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Audio CD, October 25, 1990
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Songs from this album are available to purchase as MP3s. Click on "Buy MP3" or view the MP3 Album.

Song Title Time Price
listen  1. Harborcoat 3:53$1.29  Buy MP3 
listen  2. 7 Chinese Bros. 4:18$1.29  Buy MP3 
listen  3. So. Central Rain 3:16$1.29  Buy MP3 
listen  4. Pretty Pursuasion 3:53$1.29  Buy MP3 
listen  5. Time After Time (Annelise) 3:32$1.29  Buy MP3 
listen  6. Second Guessing 2:51$1.29  Buy MP3 
listen  7. Letter Never Sent 3:02$1.29  Buy MP3 
listen  8. Camera 5:51$1.29  Buy MP3 
listen  9. (Don't Go Back To) Rockville 4:33$1.29  Buy MP3 
listen10. Little America 2:58$0.99  Buy MP3 

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R.E.M. marked the point when post-punk turned into alternative rock. When their first single, "Radio Free Europe," was released in 1981, it sparked a back-to-the-garage movement in the American underground. While there were a number of hardcore and punk bands in the U.S. during the early '80s, R.E.M. brought guitar pop back into the underground lexicon. Combining ringing guitar ... Read more in Amazon's R.E.M. Store

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Frequently Bought Together

Reckoning + Murmur + Fables of the Reconstruction
Price for all three: $19.97

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Product Details

  • Audio CD (October 25, 1990)
  • Number of Discs: 1
  • Label: A&M
  • ASIN: B000001I0G
  • Average Customer Review: 4.7 out of 5 stars  See all reviews (88 customer reviews)
  • Amazon Best Sellers Rank: #3,732 in Music (See Top 100 in Music)

Editorial Reviews

Product Description

The 1984 follow-up to R.E.M.'s brilliantly murky debut features Michael Stipe's ambiguous moan, drummer Bill Berry's strong backbeat, and guitarist Peter Buck's endless wave of catchy, jangling riffs. They wouldn't fully beef up their hard rock until roughly 1986's Life's Rich Pageant, but the swimming melodies of "Pretty Persuasion," "So. Central Rain (I'm Sorry)" and "Rockville (Don't Go Back To)" recall why the band frequently earned comparisons to a power-pop Beatles and the country-rock Byrds. Also, the jittery rhythms and deceptively simple guitar lines make the underappreciated "Harborcoat" and "7 Chinese Bros." worth revisiting. --Steve Knopper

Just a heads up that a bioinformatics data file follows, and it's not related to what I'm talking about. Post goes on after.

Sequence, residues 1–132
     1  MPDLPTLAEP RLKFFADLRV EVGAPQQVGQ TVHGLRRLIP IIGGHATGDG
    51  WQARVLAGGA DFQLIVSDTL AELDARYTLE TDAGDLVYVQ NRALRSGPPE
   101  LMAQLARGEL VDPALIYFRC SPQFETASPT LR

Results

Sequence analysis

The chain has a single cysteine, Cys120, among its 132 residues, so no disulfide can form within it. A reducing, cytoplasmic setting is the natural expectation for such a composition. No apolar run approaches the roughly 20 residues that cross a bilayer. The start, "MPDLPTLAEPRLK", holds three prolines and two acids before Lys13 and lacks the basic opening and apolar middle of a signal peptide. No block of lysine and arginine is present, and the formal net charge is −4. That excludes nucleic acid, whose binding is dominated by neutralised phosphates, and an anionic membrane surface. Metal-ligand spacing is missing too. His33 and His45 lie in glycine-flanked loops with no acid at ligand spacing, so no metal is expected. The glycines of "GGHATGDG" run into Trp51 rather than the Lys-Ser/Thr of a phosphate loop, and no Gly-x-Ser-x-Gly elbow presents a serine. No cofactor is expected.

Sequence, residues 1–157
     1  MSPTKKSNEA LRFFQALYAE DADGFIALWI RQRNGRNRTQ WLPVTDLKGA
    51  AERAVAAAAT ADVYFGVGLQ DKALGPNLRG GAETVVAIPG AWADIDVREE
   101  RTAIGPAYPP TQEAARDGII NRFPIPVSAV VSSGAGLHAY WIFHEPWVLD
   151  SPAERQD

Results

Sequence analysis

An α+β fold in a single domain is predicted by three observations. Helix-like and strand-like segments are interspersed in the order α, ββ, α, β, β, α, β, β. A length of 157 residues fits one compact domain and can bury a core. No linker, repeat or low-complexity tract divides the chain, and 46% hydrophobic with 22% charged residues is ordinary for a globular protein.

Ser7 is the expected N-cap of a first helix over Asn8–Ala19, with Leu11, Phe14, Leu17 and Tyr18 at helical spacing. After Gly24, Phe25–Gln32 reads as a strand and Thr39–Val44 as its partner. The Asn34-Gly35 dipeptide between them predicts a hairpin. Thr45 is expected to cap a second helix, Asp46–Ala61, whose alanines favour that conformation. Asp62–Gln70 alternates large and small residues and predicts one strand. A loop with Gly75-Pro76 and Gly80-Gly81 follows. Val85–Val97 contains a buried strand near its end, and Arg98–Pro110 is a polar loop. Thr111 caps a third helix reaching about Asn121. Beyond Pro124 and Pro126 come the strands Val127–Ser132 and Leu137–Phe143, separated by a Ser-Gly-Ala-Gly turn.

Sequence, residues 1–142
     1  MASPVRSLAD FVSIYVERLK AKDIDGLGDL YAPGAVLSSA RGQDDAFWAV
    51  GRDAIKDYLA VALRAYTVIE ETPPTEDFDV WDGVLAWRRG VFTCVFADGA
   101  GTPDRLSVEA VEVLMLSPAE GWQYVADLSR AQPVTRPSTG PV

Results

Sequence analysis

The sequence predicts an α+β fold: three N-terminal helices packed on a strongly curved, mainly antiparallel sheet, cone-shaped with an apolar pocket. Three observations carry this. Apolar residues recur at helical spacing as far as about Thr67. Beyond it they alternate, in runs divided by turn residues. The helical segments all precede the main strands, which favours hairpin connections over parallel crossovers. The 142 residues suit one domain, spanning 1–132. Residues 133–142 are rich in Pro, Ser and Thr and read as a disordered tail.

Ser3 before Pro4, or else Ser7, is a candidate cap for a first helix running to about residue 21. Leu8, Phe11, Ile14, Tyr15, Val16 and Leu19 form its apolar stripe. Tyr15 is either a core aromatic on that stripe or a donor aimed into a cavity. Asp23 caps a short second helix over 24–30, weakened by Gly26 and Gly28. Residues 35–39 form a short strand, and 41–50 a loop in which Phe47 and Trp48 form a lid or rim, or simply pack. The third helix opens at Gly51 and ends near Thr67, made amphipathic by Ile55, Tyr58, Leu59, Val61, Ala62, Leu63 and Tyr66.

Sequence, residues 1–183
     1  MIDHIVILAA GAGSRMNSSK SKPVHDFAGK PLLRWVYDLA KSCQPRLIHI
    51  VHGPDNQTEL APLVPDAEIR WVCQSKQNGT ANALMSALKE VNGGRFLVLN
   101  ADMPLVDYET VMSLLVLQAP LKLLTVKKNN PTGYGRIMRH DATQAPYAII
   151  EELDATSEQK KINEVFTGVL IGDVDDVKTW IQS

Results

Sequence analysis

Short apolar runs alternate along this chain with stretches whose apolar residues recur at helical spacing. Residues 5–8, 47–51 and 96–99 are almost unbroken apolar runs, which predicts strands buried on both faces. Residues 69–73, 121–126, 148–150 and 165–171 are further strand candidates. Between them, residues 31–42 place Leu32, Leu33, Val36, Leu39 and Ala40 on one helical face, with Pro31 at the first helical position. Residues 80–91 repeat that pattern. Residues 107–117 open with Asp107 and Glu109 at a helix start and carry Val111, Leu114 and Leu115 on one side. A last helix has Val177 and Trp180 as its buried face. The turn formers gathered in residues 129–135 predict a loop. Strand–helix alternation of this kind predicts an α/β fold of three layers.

Customer Reviews

A must buy for any real R.E.M. fan!!!
Stipes mumble is as loveable as ever, and the jangly guitars and beautiful backing vocals are back from Murmur.
Dan Stanley
"Time After Time" is utterly sublime, ranking up there as one of R.E.M.'s best songs.

Most Helpful Customer Reviews

31 of 33 people found the following review helpful By P. Opus on November 17, 2004
Format: Audio CD
There's basically two kinds of REM fans. People who got into the post-Green material, and know them as a big-league stadium rock band, and those who appreciate their earlier indie material on the IRS label. Well, you guessed it, I'm on the IRS side of things. The only post-Document album of theirs which I actually own is "New Adventures in Hi-Fi," which is not nearly as good as the early work. I frankly don't understand why they gave up this sound at all. They had so much potential here. AARRGGHH!! Well, no use dwelling on it.

I can't begin to describe how great this album is. I first bought it when I was in high school, on cassette, a decade after it was recorded. I updated to a CD copy about five years later. It's only sounded better over that period of time. It has that raw, jangly, murky feel that REM was so good at back then, with abstract lyrics hinting at something big but never giving everything away. It's less staid-sounding than Murmur, but keeps that mysterious feeling that was lost when Mike Stipe became a regular old frontman and started demanding attention and wearing his heart on his sleeve. The whole murky-mumbly thing suited him and the band far better than anything. It is my favorite album of the 80s, even with competition from the Stone Roses, the Pixies, the Replacements, the Clash and Jesus and Mary Chain. It's also a huge influence on one of my favorite songwriters, Stephen Malkmus. So, if you're looking for everything that indie rock can be, look no further.